Apple adjusted the prices on its international iTunes App Store yesterday resulting in increases in the cost of some software and music in the UK and elsewhere.

The pricing hike (and relative fall in other locations such as Australia) was taken by Apple to bring prices in line with current exchange rates. Some online commentators suggest that the move means that Apple will be adjusting international pricing on its soon to be announced hardware releases.

The adjustments took place during downtime of the App Store and have resulted in price increases across the board for UK consumers, as well as those in Mexico and Norway. Euro prices don't appear to have changed. For the lowest ($0.99 in the US) tier, the UK price of £0.59 has risen to £0.69 ?(in Australia this was a drop of AU$1.19 to AU$0.99). ?

Content on the next tier, which was pegged at £1.19, is now £1.49, while the tier above that rises to £1.99 from £1.79.

While this affects the 'cheap apps' by a small amount, it's the products on higher tiers that see the biggest hit on the wallet. A product selling for £17.99 for example, is now £20.99, while content priced at £23.99 is now £27.99. Final Cut Pro X is priced at £20 more now than the £179 it was selling for. However prices at the very highest tier seem to have fallen, with a £699 price point dropping to £599.

Spare a thought however for Australia and Switzerland. MacStories reported that until yesterday's rebalancing act there was an 81% surcharge for an Australian buying the same song as an American while those in Switzerland had to pay more than double at a 105% surcharge.

So while UK customers won't be happy, it's not  surprising that this has happened, particularly given that the conversion rate used by Apple hasn't been adjusted for some time and we've had fluctuating currencies across the world.

However developers appear not to have been alerted to the price change by Apple. Kosta Rozen of Apparent Soft first heard of the rebalancing when we contacted the company for a comment. However Rozen added: "I don't think the price increases in UK will affect us much as most of our revenue comes from US and Europe, so the UK part is only around 6%."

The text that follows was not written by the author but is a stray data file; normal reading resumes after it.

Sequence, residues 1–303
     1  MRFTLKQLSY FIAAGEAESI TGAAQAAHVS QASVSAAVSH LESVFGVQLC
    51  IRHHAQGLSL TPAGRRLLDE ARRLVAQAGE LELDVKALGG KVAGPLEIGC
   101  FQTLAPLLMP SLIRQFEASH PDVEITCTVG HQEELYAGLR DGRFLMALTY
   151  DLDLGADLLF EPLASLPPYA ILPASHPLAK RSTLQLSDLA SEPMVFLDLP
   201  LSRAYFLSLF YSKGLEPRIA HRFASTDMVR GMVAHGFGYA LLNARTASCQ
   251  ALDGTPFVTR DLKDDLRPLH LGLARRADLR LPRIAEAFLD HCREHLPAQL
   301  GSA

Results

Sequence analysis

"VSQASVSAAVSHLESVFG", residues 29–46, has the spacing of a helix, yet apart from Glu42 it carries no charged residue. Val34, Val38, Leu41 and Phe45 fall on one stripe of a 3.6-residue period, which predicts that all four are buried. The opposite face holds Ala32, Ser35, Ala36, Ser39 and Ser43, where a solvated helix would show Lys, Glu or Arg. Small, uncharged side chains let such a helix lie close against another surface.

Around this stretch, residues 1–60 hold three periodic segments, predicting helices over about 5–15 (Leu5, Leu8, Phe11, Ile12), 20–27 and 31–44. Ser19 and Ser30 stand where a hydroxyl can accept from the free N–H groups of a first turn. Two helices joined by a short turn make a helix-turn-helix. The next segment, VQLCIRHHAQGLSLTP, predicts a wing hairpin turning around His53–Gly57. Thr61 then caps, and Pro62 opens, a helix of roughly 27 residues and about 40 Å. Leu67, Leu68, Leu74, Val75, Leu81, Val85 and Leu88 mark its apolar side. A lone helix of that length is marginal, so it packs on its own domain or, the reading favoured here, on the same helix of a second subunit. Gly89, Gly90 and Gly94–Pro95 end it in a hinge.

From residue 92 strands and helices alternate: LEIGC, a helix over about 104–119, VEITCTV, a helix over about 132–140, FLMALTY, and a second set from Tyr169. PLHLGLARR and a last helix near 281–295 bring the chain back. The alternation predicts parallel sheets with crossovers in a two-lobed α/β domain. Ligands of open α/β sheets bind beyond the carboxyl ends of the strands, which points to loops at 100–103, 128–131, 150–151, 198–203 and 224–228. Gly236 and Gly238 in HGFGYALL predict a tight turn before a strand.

Others welcome the rebalancing of worldwide pricing, for example RapidWeaver developer Realmac Software. "Our own online store uses daily-fluctuating exchange rates, and Apple's previous pricing jarred quite significantly as a result of the differing exchange rates," said the company's Nik Fletcher. "Whilst we're looking to go Mac App Store only for more products in the longer term, this change is very much welcome in the meantime as we obviously want to offer as equal pricing to customers, no matter which way they choose to buy our apps!"

Another developer informed Macworld that his company had received a message earlier this week warning about the maintenance downtime and that it would impact price changes and sales in some countries. The developer, who wished to remain anonymous, didn't see the UK rise as a big deal because his company only has about 5% of sales in the UK. However he added that it would have been a different matter if Apple lowered the 0.79 euros price point to 0.69 euros, to reflect the USD/EUR exchange rate.

"The Euro sales are much bigger," he said. "Maybe they should invent the ASD (App Store Dollar) and use the real exchange rate to convert to each country/region money. It'd be probably better for most users, they'll buy more, so it'd be better for developers."

Some would argue that Apple needs to update its prices more often. Another developer, who also chose to remain anonymous, claims the price rises/falls around the world prove that Apple adjusted it prices yesterday 'based on exchange rates and not some other reason'.

"App Store is an international market that has developers from all over the world," he added. "For a developer it is easier to set one default price for a product and have it automatically adjusted for different regions. And the default currency was chosen to be the US dollar, which I totally understand."

"I think Apple acted here pretty fairly," he continued. "They might have contacted developers to let them know about planned price changes, but I doubt that would have any major effect on the software price increase for UK customers, or drop in some price in other countries. We were not informed about these changes."